Bryan Fuller’s Design Elevated Television

The character of Dr. Hannibal Lecter is timeless even though it remains younger than the creation of horror icons such as Dracula and The Wolfman. The Silence of the Lambs was a groundbreaking film for the genre it called home, but not many would expect a television show done decades afterward would be as pervasive, if not more. The show Hannibal, running for 3 seasons on NBC from 2013-2015, focuses on the introduction of a character by the name of Will Graham who, as a behavioral analyst, reluctantly assists the FBI with a case involving murdered young women.

A Love Letter To Hannibal: An Artform On The Small Screen
A surreal courtroom scene from Hannibal. Source: NBC

Eventually, the assistance of a seemingly innocent Dr. Hannibal Lecter is provided to Will and Agent Jack Crawford. This would sound like any detective or murder mystery television show, so what was and still is in the intrigue into the show that has developed such a landmark fan-base?

A Love Letter To Hannibal: An Artform On The Small Screen
Still image from an episode of Hannibal. Source: NBC

Well, it’s not one singular thing that sticks out to me, instead, it is a combination of aspects that bring the series to cult status. From the visual genius of Jaro Dick who held the majority weight of set design to the eerie and mood shifting musical composition by Brian Reitzell, the individuals involved in this Bryan Fuller project show how well they’ve worked together. Hannibal becomes nothing without the addition of a stellar cast, from Hugh Dancy as Will Graham to Mads Mikkelsen who played Hannibal Lecter. The many pieces that put together the entire puzzle of Hannibal seemed to work so well, so many were surprised by the short run it seemed to have years ago. The cancellation after only 39 episodes was something shocking to those who looked forward to the twists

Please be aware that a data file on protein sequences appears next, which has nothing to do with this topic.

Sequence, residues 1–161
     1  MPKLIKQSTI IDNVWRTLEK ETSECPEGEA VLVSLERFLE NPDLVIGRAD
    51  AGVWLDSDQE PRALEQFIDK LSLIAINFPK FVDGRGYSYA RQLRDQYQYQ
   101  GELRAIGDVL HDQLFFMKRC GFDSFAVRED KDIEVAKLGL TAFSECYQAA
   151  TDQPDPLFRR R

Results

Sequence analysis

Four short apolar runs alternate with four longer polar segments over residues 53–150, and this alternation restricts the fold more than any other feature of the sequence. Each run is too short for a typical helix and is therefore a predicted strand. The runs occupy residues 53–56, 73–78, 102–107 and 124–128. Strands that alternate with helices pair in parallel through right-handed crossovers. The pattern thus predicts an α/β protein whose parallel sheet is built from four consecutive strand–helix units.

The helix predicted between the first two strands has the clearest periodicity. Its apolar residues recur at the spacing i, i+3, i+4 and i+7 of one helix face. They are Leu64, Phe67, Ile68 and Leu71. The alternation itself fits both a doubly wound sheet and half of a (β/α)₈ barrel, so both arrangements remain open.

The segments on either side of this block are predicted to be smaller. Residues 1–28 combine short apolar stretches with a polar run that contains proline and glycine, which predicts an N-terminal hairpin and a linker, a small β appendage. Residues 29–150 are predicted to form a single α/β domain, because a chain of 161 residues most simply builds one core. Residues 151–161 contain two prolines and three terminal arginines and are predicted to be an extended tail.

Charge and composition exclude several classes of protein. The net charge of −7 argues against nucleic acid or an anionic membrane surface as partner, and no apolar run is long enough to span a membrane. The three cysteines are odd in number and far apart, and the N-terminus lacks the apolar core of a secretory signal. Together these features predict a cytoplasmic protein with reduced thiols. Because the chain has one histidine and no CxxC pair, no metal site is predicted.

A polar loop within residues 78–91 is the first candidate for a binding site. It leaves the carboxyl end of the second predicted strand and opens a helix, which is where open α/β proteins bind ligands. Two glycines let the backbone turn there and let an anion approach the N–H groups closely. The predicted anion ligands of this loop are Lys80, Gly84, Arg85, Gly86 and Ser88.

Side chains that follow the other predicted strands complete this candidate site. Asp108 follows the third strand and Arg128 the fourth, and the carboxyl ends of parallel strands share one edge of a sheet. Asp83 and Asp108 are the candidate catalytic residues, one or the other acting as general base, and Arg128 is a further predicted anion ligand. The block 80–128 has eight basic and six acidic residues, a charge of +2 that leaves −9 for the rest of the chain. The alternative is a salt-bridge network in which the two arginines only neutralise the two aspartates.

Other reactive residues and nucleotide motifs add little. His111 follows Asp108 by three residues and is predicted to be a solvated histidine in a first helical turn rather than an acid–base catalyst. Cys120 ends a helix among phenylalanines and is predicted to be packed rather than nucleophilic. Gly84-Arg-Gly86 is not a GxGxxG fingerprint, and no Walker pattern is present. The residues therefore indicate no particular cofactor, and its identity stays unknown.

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Nearly 2 Million Homes at Elevated Risk of Wildfire Damage According to CoreLogic

As the Glass Fire burns and threatens Napa Valley, CoreLogic’s 2020 Wildfire Risk Report analyzes both single-family and multifamily homes currently at risk of wildfire damage in the most wildfire-prone states

CoreLogic® (NYSE: CLGX), a leading global property information, analytics and data-enabled solutions provider, today released its 2020 Wildfire Risk Report as smoky skies and poor air quality continue to burden cities up and down the West Coast. The report finds 1,975,116 homes1 in the United States with an associated reconstruction cost of more than $638 billion at elevated risk of wildfire damage. These homes are comprised of approximately 6.5% of the total number of single-family residences in these states.

This press release features multimedia. View the full release here: https://www.businesswire.com/news/home/20200930005217/en/

Top 10 Metro Areas by Single-Family Residences at Risk (Graphic: Business Wire)

The Los Angeles metro area tops the list of metropolitan areas with the greatest single-family residences at wildfire risk, followed shortly thereafter by the Riverside and San Diego metro areas. California is home to 76% of these residences on the top 10 list—but the reconstruction cost value of these homes comprise nearly 84% of the list.

“2017 and 2018 were incredibly destructive, record setting years for wildfire, followed by a comparatively quieter 2019. When we talk about wildfire trends, it’s important to treat any decrease in fire activity as only temporary,” says Dr. Tom Jeffery, principal hazard scientist at CoreLogic. “Like most natural hazards, there is no reason to believe that the amount of wildfire acreage, or the number of homes in the path of future wildfires will be any less – and certainly the ongoing 2020 season is proof of that, well on its way to being among the most devastating in recent memory.”

The devastation in Oregon, Washington and California has

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